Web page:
Friday, September 30, 2016

COLOR, Day 2

No restrictions in this color lesson as to what 2-3 colors we choose to put together for our starts. In fact, we're encouraged to try colors we don't usually use.


Thursday, September 29, 2016

COLOR, Day 1

You know that knock-knock joke, the one that goes this way:

Knock, knock.
Who's there?
Banana who?
Knock, knock.
Who's there? 
Banana who?
Knock, knock.
Who's there? 
Banana who?
Knock, knock.
Who's there?
Orange who?
Orange you glad I didn't say banana?


Orange who?
Orange you glad I didn't say black and white?!

Started Lesson 5 today:

C - O - L - O - R!

Here are three starts, per given instructions—

Wednesday, September 28, 2016

Variety, B&W Day 6

A further key component of Lesson 4 involved a quadrant 'test'—i.e. isolate each quadrant of a given piece to see that it doesn't look just like any of the others; each should be reasonably distinct. You can look back at earlier posts to evaluate my quadrant variability yourself, but I've divided one of my studies into fourths and showcased it below. This quadrant differentiation test really woke up my visual attention and pushed me to add variety to my Lesson 4 studies.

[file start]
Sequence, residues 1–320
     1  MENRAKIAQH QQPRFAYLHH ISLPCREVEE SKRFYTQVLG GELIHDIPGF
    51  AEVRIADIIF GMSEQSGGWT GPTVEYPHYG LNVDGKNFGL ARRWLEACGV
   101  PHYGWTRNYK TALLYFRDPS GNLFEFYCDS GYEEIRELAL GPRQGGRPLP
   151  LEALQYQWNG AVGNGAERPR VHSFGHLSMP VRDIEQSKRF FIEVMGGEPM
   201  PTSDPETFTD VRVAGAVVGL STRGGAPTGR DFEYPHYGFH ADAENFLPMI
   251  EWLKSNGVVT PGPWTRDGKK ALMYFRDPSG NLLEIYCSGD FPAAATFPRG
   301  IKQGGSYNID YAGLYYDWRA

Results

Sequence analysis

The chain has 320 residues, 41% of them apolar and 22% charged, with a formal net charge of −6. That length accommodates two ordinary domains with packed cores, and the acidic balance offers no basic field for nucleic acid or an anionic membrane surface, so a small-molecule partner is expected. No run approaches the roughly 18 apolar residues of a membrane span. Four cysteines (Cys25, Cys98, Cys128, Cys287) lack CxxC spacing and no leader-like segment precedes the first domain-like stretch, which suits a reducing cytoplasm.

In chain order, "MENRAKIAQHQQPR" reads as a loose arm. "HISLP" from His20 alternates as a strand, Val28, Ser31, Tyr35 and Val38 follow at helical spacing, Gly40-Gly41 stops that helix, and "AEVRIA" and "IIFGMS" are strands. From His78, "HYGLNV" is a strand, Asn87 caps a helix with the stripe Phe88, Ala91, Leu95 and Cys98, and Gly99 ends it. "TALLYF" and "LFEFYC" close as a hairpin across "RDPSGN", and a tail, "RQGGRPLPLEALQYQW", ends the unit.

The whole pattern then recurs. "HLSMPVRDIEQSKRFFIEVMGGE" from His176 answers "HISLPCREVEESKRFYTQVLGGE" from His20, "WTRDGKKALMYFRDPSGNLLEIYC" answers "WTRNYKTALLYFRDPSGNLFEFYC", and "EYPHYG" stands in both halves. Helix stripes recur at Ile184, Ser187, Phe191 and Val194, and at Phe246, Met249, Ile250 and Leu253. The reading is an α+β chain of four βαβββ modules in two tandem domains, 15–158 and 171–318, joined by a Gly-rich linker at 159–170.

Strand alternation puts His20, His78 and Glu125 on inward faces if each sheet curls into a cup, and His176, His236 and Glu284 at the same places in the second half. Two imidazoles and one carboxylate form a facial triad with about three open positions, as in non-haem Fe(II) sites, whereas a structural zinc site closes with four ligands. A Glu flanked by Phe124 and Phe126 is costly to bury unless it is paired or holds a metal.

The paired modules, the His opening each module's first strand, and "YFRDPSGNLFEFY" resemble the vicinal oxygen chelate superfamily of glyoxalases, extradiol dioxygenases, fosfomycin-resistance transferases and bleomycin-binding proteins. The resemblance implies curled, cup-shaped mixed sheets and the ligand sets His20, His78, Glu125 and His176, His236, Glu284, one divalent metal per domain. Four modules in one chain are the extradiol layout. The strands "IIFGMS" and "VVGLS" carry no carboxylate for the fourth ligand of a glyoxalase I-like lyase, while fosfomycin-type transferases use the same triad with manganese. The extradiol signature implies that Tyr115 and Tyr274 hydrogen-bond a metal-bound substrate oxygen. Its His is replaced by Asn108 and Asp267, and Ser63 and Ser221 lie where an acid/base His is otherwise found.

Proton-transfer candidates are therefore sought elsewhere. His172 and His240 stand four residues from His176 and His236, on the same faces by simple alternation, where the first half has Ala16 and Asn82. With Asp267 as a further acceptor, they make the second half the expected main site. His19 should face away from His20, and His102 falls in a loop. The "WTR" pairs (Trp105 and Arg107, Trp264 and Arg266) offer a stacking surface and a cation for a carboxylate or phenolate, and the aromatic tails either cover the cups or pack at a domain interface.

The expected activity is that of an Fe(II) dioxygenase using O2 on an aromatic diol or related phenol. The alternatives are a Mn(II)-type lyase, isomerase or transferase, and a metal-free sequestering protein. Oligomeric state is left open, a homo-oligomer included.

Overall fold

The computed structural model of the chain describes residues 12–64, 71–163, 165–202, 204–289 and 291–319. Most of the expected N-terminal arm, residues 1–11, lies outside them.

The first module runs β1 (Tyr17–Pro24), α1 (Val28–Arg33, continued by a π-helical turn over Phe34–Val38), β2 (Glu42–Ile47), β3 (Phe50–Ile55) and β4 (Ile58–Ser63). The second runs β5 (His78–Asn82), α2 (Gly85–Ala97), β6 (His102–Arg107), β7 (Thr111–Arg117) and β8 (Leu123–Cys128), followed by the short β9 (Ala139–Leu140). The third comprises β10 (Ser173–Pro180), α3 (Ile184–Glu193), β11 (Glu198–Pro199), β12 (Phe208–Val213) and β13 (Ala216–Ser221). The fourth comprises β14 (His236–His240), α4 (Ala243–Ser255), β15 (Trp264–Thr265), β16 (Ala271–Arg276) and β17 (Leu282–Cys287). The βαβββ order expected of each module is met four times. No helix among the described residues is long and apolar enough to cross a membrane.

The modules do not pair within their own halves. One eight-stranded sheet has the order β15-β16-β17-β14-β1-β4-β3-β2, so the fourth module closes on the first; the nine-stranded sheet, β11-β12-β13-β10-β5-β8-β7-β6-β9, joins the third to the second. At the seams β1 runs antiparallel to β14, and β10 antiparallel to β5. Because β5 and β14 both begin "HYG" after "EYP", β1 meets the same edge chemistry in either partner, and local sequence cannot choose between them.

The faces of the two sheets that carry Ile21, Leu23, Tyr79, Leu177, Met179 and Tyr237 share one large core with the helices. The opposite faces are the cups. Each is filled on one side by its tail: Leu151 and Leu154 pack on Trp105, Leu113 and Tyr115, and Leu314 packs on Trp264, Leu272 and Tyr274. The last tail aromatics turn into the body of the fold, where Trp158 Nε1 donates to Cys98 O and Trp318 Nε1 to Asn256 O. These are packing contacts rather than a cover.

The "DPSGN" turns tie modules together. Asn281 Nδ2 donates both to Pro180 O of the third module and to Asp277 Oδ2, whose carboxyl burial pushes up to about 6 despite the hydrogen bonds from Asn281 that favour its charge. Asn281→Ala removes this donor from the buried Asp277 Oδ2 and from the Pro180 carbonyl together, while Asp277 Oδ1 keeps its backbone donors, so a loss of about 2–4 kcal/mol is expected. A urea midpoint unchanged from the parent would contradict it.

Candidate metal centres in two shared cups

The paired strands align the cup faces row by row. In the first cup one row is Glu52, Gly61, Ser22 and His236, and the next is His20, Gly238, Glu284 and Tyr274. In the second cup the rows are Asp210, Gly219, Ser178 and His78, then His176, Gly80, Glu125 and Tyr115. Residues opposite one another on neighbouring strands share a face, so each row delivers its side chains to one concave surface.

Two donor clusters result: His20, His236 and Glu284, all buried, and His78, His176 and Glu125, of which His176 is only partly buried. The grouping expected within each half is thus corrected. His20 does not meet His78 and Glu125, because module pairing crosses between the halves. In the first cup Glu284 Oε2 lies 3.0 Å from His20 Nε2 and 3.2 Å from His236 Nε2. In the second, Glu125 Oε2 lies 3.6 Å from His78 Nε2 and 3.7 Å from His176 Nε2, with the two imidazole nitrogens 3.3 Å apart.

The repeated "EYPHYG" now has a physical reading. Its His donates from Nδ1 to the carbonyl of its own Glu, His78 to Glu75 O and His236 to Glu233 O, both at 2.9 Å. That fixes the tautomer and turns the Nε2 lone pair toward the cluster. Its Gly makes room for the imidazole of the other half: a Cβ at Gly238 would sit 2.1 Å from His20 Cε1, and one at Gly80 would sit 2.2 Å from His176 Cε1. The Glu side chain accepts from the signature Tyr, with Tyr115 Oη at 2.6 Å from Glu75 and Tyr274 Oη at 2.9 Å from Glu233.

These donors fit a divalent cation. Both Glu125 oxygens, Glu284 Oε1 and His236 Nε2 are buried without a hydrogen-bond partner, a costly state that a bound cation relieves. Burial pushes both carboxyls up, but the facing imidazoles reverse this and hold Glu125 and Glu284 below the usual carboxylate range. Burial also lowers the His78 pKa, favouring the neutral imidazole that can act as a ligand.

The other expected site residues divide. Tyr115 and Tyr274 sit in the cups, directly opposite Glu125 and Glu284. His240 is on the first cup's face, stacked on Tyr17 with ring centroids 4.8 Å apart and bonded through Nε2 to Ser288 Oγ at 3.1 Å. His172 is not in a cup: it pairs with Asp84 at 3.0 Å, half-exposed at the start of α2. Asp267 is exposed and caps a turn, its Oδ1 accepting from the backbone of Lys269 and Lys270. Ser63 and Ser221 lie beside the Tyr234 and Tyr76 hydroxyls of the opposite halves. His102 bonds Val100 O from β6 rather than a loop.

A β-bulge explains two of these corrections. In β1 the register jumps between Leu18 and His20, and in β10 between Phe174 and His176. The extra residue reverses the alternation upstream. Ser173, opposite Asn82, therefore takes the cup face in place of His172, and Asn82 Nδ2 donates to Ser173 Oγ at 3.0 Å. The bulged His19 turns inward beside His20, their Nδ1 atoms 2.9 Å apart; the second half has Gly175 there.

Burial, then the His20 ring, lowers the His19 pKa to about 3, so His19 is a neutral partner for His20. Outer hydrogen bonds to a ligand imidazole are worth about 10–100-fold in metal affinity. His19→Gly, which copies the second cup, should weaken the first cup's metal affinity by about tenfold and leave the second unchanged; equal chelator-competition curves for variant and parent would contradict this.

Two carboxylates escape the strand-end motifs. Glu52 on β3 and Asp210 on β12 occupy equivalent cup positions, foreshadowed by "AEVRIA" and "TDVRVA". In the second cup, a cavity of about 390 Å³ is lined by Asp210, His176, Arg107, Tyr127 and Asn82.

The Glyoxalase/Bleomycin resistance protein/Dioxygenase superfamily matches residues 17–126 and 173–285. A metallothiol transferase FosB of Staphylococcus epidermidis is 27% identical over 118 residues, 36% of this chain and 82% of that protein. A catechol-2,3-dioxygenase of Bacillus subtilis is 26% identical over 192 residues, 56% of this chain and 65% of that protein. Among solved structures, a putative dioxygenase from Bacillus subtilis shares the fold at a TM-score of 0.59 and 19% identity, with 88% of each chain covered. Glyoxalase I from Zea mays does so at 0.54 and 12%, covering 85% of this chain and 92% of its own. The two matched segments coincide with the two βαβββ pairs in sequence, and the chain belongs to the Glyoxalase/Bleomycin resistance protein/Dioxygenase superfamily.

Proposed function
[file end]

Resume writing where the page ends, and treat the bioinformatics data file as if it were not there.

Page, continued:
upper left

upper right

lower left

lower right

Tuesday, September 27, 2016

Variety, B&W, Day 5

Stopped playing with the second group of Lesson 4 studies. Pushed myself to both expand my mark-making vocabulary and use supplies I've never used before. I've continued to practice making straight-up what-I-see observations, but I've also included a few feelings and a bit of interpreting here.

the ink-applicator black lines in the lower left and the grid-like gray format on the right  provide visual contrast
—one loose, the other structural;

this piece conveys a strong sense of narrative energy to me, with uncontrolled scribbles 'exploding' in the lower right, veiling that reads like smoke, black slashes in the upper right corner, and a black patch of foreboding sky in the upper left;
good variation in values

this piece is largely mid-tone in value—it might benefit from more range and contrast;
a diagonal veil of white divides the piece in half and engages with both side edges; its placement might enliven the piece more if placed higher or lower, but it does bring a textural element with raised lines and dots;
the diagonal veil has the abstract appearance of a wide river to me, with 'water' that allows me to see through it to the river bed; the river image is furthered by what appear to be geographical contour lines along its 'banks' and surrounding other shapes above and below

this piece has a wide variety of marks (curved, jagged, straight, loopy, dots, stamps);
the dark heavy jagged black diagonal line contrasts with fine straight vertical lines in the lower left quadrant;